A chilling decision about libel

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dan_kennedy_140x14011By Dan Kennedy

Last Friday — Friday the 13th, no less — a three-judge federal appeals court panel in Boston issued the most dangerous libel decision in many years. In ruling that truth may not be an absolute defense in matters of private concern, the panel undermined a fundamental principle of First Amendment law.

The opinion, written by Judge Juan Torruella of the U.S. Court of Appeals for the First Circuit, allows Alan Noonan, a sales director fired by Staples, to pursue his libel claim against the company. Staples’s executive vice president, Jay Baitler, had sent an e-mail to some 1,500 employees stating that Noonan had been terminated for violating the company’s travel and expense policies.

Torruella found that the contents of the e-mail were true, but added that, because Noonan is a private figure, the e-mail may have crossed the line into “actual malice.” In reaching that conclusion, Torruella relied on a 1902 Massachusetts law and said that “actual malice” should be defined as “ill will” or “malevolent intent.” Never mind that, in the 1964 case of Times v. Sullivan, the U.S. Supreme Court redefined “actual malice” so that it now pertains solely to statements made with deliberate falsity, or with “reckless disregard” for the truth. (Public officials and public figures must prove actual malice in order to win a libel claim.)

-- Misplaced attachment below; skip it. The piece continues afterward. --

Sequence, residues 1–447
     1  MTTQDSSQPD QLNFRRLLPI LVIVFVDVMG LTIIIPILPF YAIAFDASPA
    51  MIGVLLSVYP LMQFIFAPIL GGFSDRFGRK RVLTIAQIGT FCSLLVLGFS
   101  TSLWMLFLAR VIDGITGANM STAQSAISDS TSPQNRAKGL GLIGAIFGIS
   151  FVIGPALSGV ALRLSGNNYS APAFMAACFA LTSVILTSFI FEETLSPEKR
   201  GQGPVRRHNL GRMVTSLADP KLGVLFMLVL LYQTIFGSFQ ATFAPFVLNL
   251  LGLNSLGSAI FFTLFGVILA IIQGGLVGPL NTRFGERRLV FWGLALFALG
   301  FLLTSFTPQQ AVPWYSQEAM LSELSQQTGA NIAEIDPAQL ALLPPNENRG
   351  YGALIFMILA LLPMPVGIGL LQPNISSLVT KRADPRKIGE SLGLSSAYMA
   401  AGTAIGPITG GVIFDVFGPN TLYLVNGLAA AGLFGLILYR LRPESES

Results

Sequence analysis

Robert Ambrogi, executive director of the Massachusetts Newspaper Publishers Association, calls the ruling “the most dangerous libel decision in decades.” Longtime Massachusetts newspaper editor William Ketter, now a top executive with the CNHI chain, writes that the decision “could chill aggressive reporting of tough stories for fear that a private individual might end up suing the media even when the published facts are true.”

In an e-mail, Robert Bertsche, a prominent First Amendment lawyer with the Boston firm Prince Lobel Glovsky & Tye, says:

The ruling is troubling on so many levels that it beggars the imagination. Begin with the court’s ruling that one can be found liable in damages for making a statement that is indisputably true — that is a notion that flies in the face of everyone’s most basic understanding of what libel is.

With this decision, the First Amendment has been replaced by the maxim, “If you don’t have anything nice to say, don’t say it.”

Bertsche’s e-mail is well worth reading in full. I’ve posted it on my blog, Media Nation. And for a fuller analysis of the decision, please see my commentary in the Guardian.

It’s possible that the three-judge panel will be persuaded to reverse itself, or that the full appeals court will overturn the panel’s decision. As it stands, the ruling pertains only to Massachusetts. Still, you can’t help but wonder if federal judges will discover similar archaic laws on the books in other states.

Andrew Hamilton, the lawyer for John Peter Zenger, is no doubt turning over in his grave right now. What’s ironic is that Hamilton persuaded a jury to ignore the law and find that Zenger should be acquitted on the grounds that his newspaper’s anti-government diatribes were true.

Nearly three centuries later, we are once again faced with the prospect that truth may not be protected from a libel action. Amazing. And frightening.

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3 Responses to “A chilling decision about libel”

  1. “The most dangerous libel decision in decades” » Nieman Journalism Lab » Pushing to the Future of Journalism Says:

    […] Dan Kennedy: “A chilling decision about libel” […]

  2. Libel Law Redefined « MCLS :: Media and Communications Law Society Says:

    […] Dan Kennedy Analysis Tagged with: defamation, email, libel « ‘Fairey Use’ Doctrine […]

  3. First Circuit Turns Libel Law on its Head « The Legal Satyricon Says:

    […] Kennedy at the New England First Amendment Center calls it “A chilling decision about libel” and gives a shout-out to my man […]

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